Over-reacting won't help prevent bad behaviour; education will
Roy Masters |
September 2, 2009
RUGBY LEAGUE is a code
of over-reaction. Whenever there is an ''atrocity'' - as the media has come
to describe incidents ranging in severity from urinating in public to
Roosters centre Setaimata Sa allegedly slapping his partner, resisting
arrest, fighting with bouncers and causing malicious damage to an iron gate
- people rush around searching for cause-and-effect
One theory, which has
gained popularity in recent days, is that the two clubs at the bottom of the
ladder - the Roosters and Sharks - are tops in the hall of shame department.
Their poor performance on the field has spread to antisocial off-field
behaviour, reflecting a poor disciplinary structure pervading both clubs …
or so the argument runs.
But the Sharks'
troubles with the police and media watchdogs occurred before the season
began, with Greg Bird's assault charge, Brett Seymour's drunken episode in a
shopping mall and Reni Maitua's positive test to performance-enhancing drugs
coming in March or earlier. The exposure of former five-eighth Matthew
Johns, as chronicled on a Four Corners program, referred to sins
committed in Christchurch seven years
No, the Sharks' equal
last position in the premiership is more to do with long-term injuries, the
absence of an organising halfback, chronic bad luck and, as the NRL conceded
this week, over-reaction by referees.
The Roosters, however,
have had problems all season - beginning with Jake Friend's drink-driving
charge in March, Willie Mason's $2000 fine for urinating in public, Friend
and Sandor Earl charged with assault after a nightclub brawl in June, Nate
Myles defecating in a hotel corridor in July and now Sa's
over-reaction to some of these incidents evokes the Bible's ''Woe unto you,
scribes and Pharisees, hypocrites!'' After all, some leading citizens have
had a pee behind a pub, or been locked outside a hotel door, naked, in the
early hours, after opening the wrong door.
Rooster boosters will
point to the fact the antisocial behaviour has occurred after matches -
implying defeat has been so self-destroying that the players were forced to
marinate their shattered psyches in 30 shots. Puh-leeze.
Have the Dragons gone
berserk after their three recent losses?
Did the pressure on
the Titans to win every home game erupt when they were beaten by the
Cowboys? Did they cut a swathe through Gold Coast bars?
No, we are entitled to conclude there is a relationship between the Roosters'
poor discipline on the field and what happens after games. If players don't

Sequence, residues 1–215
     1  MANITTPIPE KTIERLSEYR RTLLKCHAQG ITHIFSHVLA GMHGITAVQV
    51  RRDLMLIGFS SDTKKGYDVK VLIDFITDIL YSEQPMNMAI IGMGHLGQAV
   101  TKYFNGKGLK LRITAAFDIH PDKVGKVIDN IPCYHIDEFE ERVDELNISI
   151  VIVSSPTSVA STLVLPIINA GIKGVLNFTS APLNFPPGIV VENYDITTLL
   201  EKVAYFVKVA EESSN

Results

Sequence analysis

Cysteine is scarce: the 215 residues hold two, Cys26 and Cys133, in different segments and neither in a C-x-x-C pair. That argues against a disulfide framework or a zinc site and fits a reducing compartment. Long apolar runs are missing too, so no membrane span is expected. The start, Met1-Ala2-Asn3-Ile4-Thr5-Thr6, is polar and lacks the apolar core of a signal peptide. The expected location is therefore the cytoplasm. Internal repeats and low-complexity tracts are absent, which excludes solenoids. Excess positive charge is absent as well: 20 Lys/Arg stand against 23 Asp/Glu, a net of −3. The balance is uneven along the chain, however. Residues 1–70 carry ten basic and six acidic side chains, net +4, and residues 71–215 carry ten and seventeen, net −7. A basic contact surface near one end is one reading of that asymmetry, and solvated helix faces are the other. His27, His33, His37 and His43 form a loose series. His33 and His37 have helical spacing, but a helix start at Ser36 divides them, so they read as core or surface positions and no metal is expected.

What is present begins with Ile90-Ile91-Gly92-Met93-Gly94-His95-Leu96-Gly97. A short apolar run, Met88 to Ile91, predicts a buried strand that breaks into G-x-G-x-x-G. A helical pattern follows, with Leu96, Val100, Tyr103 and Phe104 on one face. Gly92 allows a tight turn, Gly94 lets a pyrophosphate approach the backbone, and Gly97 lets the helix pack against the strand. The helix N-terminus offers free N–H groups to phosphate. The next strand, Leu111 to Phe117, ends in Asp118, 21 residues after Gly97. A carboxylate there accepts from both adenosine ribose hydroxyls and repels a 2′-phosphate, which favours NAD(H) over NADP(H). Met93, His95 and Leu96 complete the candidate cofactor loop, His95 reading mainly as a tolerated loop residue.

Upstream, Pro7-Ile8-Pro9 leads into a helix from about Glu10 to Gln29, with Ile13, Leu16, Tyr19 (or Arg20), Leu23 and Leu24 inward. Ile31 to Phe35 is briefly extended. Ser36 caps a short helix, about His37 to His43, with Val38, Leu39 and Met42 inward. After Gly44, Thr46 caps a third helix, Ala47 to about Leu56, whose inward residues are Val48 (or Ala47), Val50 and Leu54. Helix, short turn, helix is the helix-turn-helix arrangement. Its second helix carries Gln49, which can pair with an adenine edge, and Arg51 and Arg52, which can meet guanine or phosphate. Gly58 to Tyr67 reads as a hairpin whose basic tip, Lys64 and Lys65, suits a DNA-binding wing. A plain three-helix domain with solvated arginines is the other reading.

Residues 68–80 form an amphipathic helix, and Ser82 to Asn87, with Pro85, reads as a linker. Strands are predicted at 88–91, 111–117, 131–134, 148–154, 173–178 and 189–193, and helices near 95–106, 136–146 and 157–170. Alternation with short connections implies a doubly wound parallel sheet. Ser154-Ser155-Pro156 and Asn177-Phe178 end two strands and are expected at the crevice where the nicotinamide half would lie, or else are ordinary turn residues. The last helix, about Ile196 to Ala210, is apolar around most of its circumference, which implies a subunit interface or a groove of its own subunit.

chase hard on kicks, support each other with the ball, assist in tackles and
keep the penalty count down, they're unlikely to leave the pub early in order
to redeem themselves at the next training session. The Roosters lack an
identity, and that is reflected in overall poor discipline.
While we're into
relationships, there is a far more significant correlation in the NRL: the
linkage between players who have no job or education and their off-field
Former St George
captain Mark Coyne is chairman of the NRL and players' association education
and welfare committee.
''If a player is not
working or pursuing an education, there is a big chance he is doing
something unacceptable to society,'' Coyne says. ''There is definitely a
correlation between the investment clubs are making in education and welfare
and what is happening off the field.
''We did a review of
the bad headlines of players in trouble with off-field behaviour and found
80 per cent of them had no formal education or employment
submitted a report to a recent CEOs meeting revealing a scale on which clubs
were ranked in terms of their expenditure on education and
premiers Manly - privately owned and counting their pennies - devoted least
resources to programs designed to encourage players to seek part-time work
or tertiary studies.
Perhaps the money
spent on the pre-season launch party that led to Brett Stewart and Anthony
Watmough's well-publicised troubles could have been diverted to education in
Coyne was at the
Ensemble theatre with his wife, a counsellor who works with offenders and
parolees, when the Herald called following the Sa case.
''She gives me heaps
of tips on how to handle some of these issues,'' Coyne
Asked what show they
watched, he said: ''The Cow Jumped Over The Moon. It's all about
with the NRL and such an important committee is cause for the Cowboys and
all other clubs to be over the moon.